Netanyahu tells French PM he rejects Paris peace bid, but offers to meet Abbas
Prime Minister Benjamin Netanyahu meets with his French counterpart, Manuel Valls, in Jerusalem on Monday, May 23, 2016 (Kobi Gideon/GPO)
Prime Minister Benjamin Netanyahu rejected Monday the French initiative for an multinational conference to relaunch Israeli-Palestinian peace efforts, telling French Prime Minister Manuel Valls that direct negotiations were the only path forward toward a lasting agreement.
Speaking at a joint press conference in Jerusalem before a closed-door meeting with Valls, Netanyahu said a multilateral effort would replace bilateral talks and not bring about any agreement.
“Peace is not achieved in international UN-style conferences, nor through international diktats that come of meetings of countries around the world sitting to decide our fate,” Netanyahu said. “Peace is achieved through direct negotiations where the Palestinian Authority would face a historic choice: recognize a Jewish state side by side with a demilitarized Palestinian state, or try to eliminate it.”
The meeting with Valls came as part a two-day trip to the region by the French premier that began Sunday, aimed at advancing his country’s plan for the summit in the face of opposition from Netanyahu.
The Israeli prime minister claimed Monday that the international conference was being used by the Palestinian leadership as a way to prevent direct talks with Israel.
“The Palestinian Authority does not see the French initiative as an inducer for negotiations, but as a way to avoid them,” he said.
Instead, Netanayhu said, he would be willing to meet Palestinian Authority President Mahmoud Abbas “in Paris or wherever,” and hold face-to-face negotiations without international mediation. “Every difficult issue will be on the table,” he said.
Valls said he would welcome direct negotiations and would speak to French President Francois Hollande about the proposal.
Abbas has welcomed the French initiative to hold a meeting of foreign ministers from a range of countries on June 3, without the Israelis and Palestinians present.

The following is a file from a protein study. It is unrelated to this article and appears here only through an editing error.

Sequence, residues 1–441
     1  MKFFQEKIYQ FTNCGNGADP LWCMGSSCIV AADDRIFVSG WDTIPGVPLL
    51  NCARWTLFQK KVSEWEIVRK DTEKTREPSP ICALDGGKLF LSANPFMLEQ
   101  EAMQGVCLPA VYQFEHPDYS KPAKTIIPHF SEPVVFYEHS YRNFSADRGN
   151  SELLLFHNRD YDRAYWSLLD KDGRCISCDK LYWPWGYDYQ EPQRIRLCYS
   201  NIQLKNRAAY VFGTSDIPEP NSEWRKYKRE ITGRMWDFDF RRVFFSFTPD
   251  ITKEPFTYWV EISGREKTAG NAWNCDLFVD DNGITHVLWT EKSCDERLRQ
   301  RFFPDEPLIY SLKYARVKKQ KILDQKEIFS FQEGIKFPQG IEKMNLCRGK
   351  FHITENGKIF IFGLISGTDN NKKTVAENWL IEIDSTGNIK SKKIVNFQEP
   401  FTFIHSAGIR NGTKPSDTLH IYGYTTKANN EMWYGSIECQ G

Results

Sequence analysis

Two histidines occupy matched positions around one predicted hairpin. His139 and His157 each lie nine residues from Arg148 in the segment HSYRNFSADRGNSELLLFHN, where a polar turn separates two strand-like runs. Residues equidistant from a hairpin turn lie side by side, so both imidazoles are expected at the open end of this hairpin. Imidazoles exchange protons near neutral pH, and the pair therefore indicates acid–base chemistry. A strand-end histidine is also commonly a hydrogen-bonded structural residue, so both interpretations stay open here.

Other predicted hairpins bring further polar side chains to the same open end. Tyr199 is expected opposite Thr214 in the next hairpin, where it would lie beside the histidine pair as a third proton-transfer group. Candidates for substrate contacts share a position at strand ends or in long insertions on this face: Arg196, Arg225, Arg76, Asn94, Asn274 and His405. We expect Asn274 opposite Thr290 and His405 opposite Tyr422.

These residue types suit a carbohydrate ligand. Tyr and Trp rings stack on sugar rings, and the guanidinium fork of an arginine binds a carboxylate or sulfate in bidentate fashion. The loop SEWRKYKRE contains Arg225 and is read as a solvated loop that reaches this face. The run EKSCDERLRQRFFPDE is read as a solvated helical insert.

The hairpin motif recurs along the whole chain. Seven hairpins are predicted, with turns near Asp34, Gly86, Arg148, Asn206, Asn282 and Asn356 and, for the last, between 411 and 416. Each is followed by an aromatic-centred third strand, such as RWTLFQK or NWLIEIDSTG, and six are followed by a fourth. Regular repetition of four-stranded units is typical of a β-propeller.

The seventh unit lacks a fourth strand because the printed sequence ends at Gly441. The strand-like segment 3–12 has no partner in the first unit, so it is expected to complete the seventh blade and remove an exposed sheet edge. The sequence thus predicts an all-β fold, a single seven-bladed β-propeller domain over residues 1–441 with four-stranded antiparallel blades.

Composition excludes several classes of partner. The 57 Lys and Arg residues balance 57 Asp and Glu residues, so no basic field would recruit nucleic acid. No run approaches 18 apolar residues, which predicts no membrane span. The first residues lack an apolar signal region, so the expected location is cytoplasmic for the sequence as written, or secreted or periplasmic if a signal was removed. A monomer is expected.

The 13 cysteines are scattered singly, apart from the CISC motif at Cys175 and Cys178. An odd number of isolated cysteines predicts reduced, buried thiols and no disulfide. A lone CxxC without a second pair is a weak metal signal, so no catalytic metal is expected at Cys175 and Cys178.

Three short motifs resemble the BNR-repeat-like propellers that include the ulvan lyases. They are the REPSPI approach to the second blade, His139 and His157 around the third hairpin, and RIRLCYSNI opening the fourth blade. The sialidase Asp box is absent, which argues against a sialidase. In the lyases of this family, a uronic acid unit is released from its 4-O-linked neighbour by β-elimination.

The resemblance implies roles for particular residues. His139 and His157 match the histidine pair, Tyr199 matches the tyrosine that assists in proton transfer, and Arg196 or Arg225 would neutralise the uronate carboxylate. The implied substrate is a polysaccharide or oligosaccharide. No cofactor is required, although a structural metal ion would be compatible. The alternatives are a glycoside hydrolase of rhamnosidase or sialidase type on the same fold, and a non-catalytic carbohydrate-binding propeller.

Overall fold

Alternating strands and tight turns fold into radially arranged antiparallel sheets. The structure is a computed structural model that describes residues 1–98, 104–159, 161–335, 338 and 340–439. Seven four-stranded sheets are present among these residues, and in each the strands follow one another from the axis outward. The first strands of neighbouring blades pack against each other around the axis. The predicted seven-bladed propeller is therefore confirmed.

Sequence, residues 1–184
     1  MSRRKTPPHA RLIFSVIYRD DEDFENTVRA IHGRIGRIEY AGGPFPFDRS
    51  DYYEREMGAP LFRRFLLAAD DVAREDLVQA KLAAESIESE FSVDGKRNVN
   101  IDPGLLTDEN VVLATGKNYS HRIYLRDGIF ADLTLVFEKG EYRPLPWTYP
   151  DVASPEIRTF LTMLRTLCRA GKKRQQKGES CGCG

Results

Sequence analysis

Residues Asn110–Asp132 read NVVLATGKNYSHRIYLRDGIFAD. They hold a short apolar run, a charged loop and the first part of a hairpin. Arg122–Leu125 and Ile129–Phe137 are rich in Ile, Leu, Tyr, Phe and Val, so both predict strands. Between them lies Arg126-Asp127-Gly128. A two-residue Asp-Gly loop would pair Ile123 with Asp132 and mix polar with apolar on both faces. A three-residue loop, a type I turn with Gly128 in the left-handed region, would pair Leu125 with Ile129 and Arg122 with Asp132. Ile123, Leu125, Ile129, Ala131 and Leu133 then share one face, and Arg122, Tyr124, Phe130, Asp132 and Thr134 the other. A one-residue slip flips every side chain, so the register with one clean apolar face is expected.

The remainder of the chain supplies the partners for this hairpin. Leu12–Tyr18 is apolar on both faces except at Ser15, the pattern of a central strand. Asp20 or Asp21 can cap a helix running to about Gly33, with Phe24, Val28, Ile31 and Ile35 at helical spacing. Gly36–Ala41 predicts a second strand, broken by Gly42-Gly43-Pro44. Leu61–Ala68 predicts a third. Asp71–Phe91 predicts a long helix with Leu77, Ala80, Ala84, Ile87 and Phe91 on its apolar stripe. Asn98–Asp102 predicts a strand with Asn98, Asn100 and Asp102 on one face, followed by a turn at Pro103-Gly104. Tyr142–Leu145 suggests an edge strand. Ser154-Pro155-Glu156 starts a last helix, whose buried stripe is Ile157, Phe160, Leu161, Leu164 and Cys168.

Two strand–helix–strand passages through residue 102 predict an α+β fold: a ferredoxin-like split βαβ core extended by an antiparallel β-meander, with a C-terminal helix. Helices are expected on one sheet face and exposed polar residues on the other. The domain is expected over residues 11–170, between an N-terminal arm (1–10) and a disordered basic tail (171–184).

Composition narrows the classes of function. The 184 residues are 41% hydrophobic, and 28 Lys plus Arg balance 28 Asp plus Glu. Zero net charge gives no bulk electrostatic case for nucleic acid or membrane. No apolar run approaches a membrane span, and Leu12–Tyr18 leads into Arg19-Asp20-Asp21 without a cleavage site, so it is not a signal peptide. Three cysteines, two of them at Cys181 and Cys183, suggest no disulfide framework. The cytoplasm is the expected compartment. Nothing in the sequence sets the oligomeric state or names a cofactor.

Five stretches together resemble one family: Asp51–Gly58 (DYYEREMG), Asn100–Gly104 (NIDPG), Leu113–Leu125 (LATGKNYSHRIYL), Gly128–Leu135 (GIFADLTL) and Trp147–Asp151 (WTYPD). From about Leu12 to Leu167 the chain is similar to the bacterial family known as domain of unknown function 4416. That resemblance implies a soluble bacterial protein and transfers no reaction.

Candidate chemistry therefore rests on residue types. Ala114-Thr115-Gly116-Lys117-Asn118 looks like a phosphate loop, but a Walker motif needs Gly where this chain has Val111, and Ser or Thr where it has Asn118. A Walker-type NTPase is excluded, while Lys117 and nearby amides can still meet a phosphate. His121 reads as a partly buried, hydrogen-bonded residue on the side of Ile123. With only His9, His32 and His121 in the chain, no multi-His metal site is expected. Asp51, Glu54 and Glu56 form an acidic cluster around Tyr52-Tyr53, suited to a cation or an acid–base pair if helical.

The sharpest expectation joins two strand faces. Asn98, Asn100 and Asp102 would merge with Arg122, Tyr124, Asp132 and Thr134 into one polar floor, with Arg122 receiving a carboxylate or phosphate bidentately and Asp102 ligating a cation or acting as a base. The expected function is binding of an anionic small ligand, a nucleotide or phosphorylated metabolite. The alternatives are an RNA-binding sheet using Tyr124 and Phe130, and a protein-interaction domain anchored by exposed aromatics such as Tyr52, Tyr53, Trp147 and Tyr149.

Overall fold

French Prime Minister Manuel Valls visits the grave of Myriam Monsonego, one of the four French Jews killed in a March 2012 Islamist attack on a Jewish school in Toulouse, at the Givat Shaul cemetery in Jerusalem on May 23, 2016. (AFP PHOTO / MENAHEM KAHANA)
According to the plan, another conference would then be held in the autumn, this time with the Israelis and Palestinians in attendance. The goal would be to eventually restart negotiations that would lead to a Palestinian state.
Negotiations between the Israelis and Palestinians have been at a standstill since a US-led initiative collapsed in April 2014.
Earlier Monday Valls met with President Reuven Rivlin, who, in his first public statements on the French initiative, also criticized the plan, saying “there are no shortcuts in the Middle East.”
Preempting Netanyahu’s comments, he said that Israel was weary of such international efforts as they absolved the Palestinians of responsibility to negotiate.
Valls told both Rivlin and Netanyahu that France had Israel’s best interests in mind.
“France has a genuine and real desire to help the situation between Israel and the Palestinians,” he said in his statements to both Rivlin and Netanyahu.
Israeli President Reuven Rivlin walks with French Prime Minister Manuel Valls, as Rivlin welcomes Valls to the President’s Residence in Jerusalem, May 23, 2016. (Sindel/Flash90)
Before his meetings with senior Israeli officials, Valls visited the Yad Vashem Holocaust Memorial where he laid a wreath in memory of the six millions Jews killed during the Holocaust. He also went to the Givat Shaul ceremony in Jerusalem cemetery to visit the graves of four French citizens killed in the January 2015 attack on the Hypermarche Kosher supermarket in Paris, and whose bodies were bought for burial in Israel.
After meeting with Netanyhau Valls will travel to Ramallah for a series of talks with Palestinian Authority officals, including meeting with Abbas.
Valls’s visit comes at a time of political turbulence in Israel, with Netanyahu expected to soon finalize coalition negotiations with the Yisrael Beytenu party, led by hardliner Avigdor Liberman, who is detested by the Palestinians.
Liberman, who lives in a West Bank settlement, is expected to take on the key role of defense minister.
On Sunday, Netanyahu told his cabinet that adding Liberman to the coalition would not negatively impact peace efforts.
“A broad government will continue to strive for a diplomatic process with the Palestinians and we will do so with the assistance of elements in the region. I personally deal with this a lot, in many places, and I intend to continue to do so,” he told ministers at the weekly cabinet meeting in Jerusalem.